More particularly, if the clock signal CLK is high, the STM select transistor Q24 is on, and the slave is functioning in a transparent mode with the collector of the STM select transistor Q24 drawing current through either transistor Q17 or transistor Q20, depending upon the state of the master. During this period the master side is not affected by the state of the data bit, so the data may change. When the clock signal CLK goes low, the master is placed into a transparent mode because the MLM select transistor Q10 is turned off. In this condition the current through the collector of RM select transistor Q11 will be controlled by comparison potentials VB and the signal D to the base of Q7. The slave flip-flop is placed in a latch mode (as described above for the mode in which LE is off).
The fourth mode of operation is the scan mode in which the data input to nodes SD and SD, the bases of transistors Q8 and Q3, respectively, is transferred to the output lines Q and Q. This mode is achieved by turning on the scan enable transistor Q42 which sets MCLK to VCH. The scan clock signal SCLK applied to the base of the SM select transistor Q12 then turns it on, with its collector current being supplied by whichever of transistors Q3 and Q8 is on. From FIG. 1B, when SCLK is at SCLKH the SM select transistor Q12 is turned on harder than Q10 or Q11 so that Q3 and Q8 conduct and the master latch responds to the scan inputs S and S. Also, the second SLM select transistor Q26 is turned on harder than Q22, Q24, or Q25 so that Q18 and Q19 conduct and the slave latch is in a latched state. The high scan clock signal SCLK places the slave circuit in a latch mode by turning on transistor Q26. In effect, the circuit now becomes a negative edge triggered D-type flip-flop controlled by the scan data signals SD and SD instead of the data signal D. The scan enable signal SE keeps the master circuit in a latched state and the slave circuit in a transparent state when the SCLK signal is low.
Resistor R28 provides an apparent threshold shift for the master clocks (CLK, SE. SCLK) versus the slave clocks (CLK, SE, SCLK). This allows the same clock signals to be applied to both the master and slave, but nullifies the race condition inherent in a master/slave flip-flop. When in the positive edge triggered D-type flip-flop mode, the master has a clock threshold lower than the slave. Therefore, on the falling edge of the clock signal the data from the master is latched into the slave before the master switches to transparent mode. Conversely, in the negative edge triggered scan flip-flop mode, the master has a scan clock threshold higher than the slave. Therefore, on the rising edge of the scan clock signal, the data from the master is latched into the slave before the master switches to transparent.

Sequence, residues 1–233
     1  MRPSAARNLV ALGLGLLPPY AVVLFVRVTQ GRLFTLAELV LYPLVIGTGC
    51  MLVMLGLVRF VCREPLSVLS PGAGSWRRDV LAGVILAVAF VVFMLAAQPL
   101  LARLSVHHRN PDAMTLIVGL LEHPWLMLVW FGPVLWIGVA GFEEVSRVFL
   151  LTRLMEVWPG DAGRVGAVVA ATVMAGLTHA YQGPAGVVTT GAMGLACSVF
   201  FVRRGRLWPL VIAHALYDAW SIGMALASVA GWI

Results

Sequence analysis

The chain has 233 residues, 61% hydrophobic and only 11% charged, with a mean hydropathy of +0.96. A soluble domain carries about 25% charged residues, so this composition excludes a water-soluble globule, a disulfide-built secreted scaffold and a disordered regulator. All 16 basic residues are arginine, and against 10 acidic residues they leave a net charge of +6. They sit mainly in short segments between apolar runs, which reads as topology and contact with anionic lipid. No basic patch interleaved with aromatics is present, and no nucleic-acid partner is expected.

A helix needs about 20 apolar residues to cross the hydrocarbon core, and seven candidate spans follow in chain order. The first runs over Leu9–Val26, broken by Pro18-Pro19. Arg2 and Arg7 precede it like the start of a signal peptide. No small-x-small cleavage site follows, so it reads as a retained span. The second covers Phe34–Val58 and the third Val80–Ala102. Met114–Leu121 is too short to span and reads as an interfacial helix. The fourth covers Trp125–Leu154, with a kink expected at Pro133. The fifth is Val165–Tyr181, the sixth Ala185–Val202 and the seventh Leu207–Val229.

For proper operation, the circuit of FIG. 1 requires observance of certain clock timing rules in conjunction with the scan capability. The scan clock SCLK and scan enable SE signals must follow certain timing rules. First, as shown in FIG. 2, the scan clock SCLK must go high prior to the scan enable SE going high. This insures that the data in the slave portion of the register is saved when the circuit enters scan mode. The delay between scan enable going high and scan clock going high is termed t1 in FIG. 2. Second, before switching low, the scan clock SCLK must wait until after the scan enable signal SE goes high. This set-up time is labeled t2 on FIG. 2.
The third timing requirement is that the scan enable signal SE must not switch low until after the scan clock SCLK goes low. This condition assures that the scan data SD on the input node is saved when exiting the scan mode. The necessary time delay is labeled t3 in FIG. 2. It should also be noted that the clock CLK and latch enable LE signals are forced low prior to the entering of scan mode and remain low until the scan mode is complete. The delay following the clock CLK or latch enable LE signals going low before the scan clock may go high is designated tA in FIG. 2, while the delay time before the clock CLK or latch enable LE may switch high after the scan enable SE goes low is designated time tB in FIG. 2.
Referring again to FIG. 1B, the separation between the various voltage levels depicted is typically on the order of 300 mV. Accordingly, the full voltage swing between VCL and VSCLKH is on the order of 900 mV. Standard ECL voltage drivers provide for only a 600 mV. swing and thus a special driver is required to provide the extra 300 mV. to generate VSCLKH. Further, because the scan mode utilizes negative edge triggering, extra clock circuitry is required to implement the timing restrictions depicted in FIG. 2 during transition between the positive edge triggered register mode and the negative edge triggered scan mode.